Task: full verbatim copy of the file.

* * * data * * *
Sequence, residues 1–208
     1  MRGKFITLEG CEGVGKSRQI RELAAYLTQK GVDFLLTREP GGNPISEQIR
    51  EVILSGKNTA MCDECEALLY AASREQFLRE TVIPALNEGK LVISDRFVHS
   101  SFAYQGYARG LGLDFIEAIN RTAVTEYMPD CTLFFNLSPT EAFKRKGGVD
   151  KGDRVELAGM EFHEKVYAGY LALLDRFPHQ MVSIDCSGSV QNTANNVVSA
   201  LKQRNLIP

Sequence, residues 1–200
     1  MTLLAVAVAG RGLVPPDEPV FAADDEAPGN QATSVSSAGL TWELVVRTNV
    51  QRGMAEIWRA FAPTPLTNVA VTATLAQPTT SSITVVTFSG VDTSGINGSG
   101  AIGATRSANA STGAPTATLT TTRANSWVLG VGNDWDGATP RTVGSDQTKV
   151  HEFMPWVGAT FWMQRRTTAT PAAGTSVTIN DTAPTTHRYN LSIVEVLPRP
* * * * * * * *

Sequence, residues 1–208
     1  MRGKFITLEG CEGVGKSRQI RELAAYLTQK GVDFLLTREP GGNPISEQIR
    51  EVILSGKNTA MCDECEALLY AASREQFLRE TVIPALNEGK LVISDRFVHS
   101  SFAYQGYARG LGLDFIEAIN RTAVTEYMPD CTLFFNLSPT EAFKRKGGVD
   151  KGDRVELAGM EFHEKVYAGY LALLDRFPHQ MVSIDCSGSV QNTANNVVSA
   201  LKQRNLIP

Sequence, residues 1–200
     1  MTLLAVAVAG RGLVPPDEPV FAADDEAPGN QATSVSSAGL TWELVVRTNV
    51  QRGMAEIWRA FAPTPLTNVA VTATLAQPTT SSITVVTFSG VDTSGINGSG
   101  AIGATRSANA STGAPTATLT TTRANSWVLG VGNDWDGATP RTVGSDQTKV
   151  HEFMPWVGAT FWMQRRTTAT PAAGTSVTIN DTAPTTHRYN LSIVEVLPRP